As with other tax forecasting and provision processes, the GMT will eventually be susceptible to automation, of course, but the GMT will continue to evolve such that data gathering requirements will change, and so GMT is unlikely to be a good candidate for investment in automation projects for the time being as its requirements are refined and institutionalized. GMT implementation efforts are therefore likely to create a deficit in available finance department capacity over the medium term. So how should the finance team respond?

Automation is still the key to success and can create the needed capacity to respond not only to the GMT, but to the plethora of additional regulatory and tax demands which expanding government mandates are likely to bring in the coming years.

MNEs should therefore move now to accelerate their investments in automation across the rest of their finance department in stable areas that have been handled manually for decades and are ripe for automation.

This is particularly true for the controllership and tax areas, which will be most directly impacted by the data gathering and processing requirements of the GMT, and then eventually by the necessity of calculating the tax effects of Pillar One market jurisdiction income allocations, as that initiative begins to progress.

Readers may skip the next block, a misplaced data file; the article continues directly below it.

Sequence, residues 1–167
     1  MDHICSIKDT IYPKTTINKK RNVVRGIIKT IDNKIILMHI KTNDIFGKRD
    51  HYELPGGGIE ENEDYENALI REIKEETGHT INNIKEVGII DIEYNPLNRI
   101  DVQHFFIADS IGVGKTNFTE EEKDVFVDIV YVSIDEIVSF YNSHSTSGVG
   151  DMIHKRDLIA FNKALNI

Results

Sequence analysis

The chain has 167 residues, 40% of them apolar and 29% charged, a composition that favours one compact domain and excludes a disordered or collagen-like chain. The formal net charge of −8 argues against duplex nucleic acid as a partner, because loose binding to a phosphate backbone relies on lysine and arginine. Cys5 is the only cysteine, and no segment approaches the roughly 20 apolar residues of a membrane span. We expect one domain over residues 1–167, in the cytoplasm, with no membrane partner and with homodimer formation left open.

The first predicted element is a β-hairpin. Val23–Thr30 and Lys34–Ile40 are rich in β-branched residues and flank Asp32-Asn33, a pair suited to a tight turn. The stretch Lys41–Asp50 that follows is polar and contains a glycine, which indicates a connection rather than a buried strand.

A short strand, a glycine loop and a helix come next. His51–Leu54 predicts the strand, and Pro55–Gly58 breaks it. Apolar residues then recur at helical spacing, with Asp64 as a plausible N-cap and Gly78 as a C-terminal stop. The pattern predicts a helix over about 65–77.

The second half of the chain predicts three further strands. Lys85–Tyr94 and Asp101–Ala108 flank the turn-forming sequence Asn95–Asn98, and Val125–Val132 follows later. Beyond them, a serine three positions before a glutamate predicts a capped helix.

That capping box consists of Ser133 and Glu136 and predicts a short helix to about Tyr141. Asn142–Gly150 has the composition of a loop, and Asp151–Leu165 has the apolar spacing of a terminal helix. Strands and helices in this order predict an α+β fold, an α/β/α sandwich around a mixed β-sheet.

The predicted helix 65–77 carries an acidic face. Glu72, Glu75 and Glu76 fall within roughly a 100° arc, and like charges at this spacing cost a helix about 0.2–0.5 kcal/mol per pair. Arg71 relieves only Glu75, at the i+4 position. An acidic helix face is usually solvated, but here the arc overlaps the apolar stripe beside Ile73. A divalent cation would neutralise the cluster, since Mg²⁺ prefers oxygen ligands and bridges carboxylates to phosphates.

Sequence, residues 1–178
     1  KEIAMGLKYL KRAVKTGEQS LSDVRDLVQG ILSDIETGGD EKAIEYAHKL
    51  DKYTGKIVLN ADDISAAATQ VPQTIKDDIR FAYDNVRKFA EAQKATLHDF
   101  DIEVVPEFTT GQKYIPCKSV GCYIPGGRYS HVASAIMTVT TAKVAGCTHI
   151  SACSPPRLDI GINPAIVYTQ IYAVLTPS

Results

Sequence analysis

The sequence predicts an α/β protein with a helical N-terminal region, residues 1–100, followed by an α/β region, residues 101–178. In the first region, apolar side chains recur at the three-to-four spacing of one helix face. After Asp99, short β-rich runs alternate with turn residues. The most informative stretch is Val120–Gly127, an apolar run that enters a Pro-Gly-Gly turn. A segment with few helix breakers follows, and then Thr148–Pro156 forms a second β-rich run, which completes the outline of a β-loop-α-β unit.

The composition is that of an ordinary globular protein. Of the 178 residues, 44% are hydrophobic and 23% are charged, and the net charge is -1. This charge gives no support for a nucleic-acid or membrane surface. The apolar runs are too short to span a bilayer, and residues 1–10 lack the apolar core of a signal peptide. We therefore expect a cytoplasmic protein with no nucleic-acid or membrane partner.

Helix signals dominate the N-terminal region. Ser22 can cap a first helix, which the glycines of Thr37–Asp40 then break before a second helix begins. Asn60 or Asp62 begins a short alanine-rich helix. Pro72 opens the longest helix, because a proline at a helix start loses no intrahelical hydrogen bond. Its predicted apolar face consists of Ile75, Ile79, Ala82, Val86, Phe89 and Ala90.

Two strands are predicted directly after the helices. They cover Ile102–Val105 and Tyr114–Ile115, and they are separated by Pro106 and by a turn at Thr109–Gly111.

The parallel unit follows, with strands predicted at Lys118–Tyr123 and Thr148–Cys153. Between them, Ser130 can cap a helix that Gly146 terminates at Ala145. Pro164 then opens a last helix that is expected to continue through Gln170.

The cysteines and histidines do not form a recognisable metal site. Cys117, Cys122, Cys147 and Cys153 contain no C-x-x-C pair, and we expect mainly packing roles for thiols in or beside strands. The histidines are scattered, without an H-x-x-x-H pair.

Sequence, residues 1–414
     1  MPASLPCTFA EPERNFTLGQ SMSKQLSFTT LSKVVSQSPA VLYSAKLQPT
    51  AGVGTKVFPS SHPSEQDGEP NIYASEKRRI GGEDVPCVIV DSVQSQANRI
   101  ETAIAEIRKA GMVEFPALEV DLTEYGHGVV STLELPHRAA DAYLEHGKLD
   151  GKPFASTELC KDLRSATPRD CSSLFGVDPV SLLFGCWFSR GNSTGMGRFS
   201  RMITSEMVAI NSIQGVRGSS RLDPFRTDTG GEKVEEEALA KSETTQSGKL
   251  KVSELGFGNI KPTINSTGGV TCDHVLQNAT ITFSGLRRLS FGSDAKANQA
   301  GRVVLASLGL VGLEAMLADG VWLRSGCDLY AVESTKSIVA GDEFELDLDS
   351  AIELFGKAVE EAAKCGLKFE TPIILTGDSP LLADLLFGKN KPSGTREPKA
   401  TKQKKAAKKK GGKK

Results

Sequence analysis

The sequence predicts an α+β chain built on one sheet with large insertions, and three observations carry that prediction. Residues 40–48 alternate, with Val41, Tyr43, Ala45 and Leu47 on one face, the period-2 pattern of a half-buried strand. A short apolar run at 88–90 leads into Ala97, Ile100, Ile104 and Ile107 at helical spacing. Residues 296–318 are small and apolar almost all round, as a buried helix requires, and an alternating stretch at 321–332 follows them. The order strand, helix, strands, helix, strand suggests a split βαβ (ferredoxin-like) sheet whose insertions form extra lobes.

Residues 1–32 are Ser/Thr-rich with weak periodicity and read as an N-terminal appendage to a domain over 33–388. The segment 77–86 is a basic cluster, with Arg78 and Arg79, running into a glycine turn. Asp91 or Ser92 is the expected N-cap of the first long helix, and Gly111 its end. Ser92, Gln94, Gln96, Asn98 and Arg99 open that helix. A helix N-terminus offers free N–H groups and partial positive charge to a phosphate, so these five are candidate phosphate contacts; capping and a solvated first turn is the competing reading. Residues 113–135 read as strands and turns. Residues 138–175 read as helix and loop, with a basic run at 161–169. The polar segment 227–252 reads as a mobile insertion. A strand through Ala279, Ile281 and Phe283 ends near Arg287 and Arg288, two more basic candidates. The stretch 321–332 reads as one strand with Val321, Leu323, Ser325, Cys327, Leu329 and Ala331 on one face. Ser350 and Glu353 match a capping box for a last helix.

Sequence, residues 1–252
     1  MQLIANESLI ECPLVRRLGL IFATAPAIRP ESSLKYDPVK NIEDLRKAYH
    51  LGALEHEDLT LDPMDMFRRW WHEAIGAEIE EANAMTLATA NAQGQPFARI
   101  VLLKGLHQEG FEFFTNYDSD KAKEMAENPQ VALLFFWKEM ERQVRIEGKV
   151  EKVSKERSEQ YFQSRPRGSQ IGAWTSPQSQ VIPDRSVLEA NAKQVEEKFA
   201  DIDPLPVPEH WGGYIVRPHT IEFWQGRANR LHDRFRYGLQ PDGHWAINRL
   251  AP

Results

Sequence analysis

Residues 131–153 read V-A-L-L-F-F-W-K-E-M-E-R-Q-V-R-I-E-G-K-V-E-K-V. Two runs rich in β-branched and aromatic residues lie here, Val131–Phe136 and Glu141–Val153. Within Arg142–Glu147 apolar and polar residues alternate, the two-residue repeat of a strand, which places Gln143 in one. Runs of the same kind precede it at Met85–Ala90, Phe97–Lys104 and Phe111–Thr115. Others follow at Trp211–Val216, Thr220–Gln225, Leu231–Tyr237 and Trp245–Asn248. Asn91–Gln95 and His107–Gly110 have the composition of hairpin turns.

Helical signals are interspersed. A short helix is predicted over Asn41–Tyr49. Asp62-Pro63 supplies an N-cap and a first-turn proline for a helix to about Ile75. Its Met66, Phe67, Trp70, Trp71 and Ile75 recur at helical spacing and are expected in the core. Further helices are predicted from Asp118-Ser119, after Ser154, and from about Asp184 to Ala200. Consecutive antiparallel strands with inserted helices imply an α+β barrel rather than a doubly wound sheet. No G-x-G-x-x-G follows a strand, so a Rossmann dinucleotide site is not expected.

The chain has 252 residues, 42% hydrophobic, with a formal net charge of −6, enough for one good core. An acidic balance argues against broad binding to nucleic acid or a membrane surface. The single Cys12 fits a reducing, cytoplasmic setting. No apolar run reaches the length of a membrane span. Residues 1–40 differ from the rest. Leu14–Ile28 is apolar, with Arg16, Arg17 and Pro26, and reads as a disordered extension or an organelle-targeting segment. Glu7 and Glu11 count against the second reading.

Automating Intercompany Operations

One fruitful area for MNEs to automate is intercompany financial operations, which encompass the often overlooked, but highly dynamic processes associated with billing, accounting for and settling intercompany transactions. These time-consuming processes are driven by the necessities of reflecting the arm’s length results which are the starting point for the application of Pillar One and Pillar Two calculations. They drive an enormous amount of manual activity in the corporate finance department, mostly related to attempts to manually connect the otherwise “disconnected accounting” that generally prevails in intercompany operations.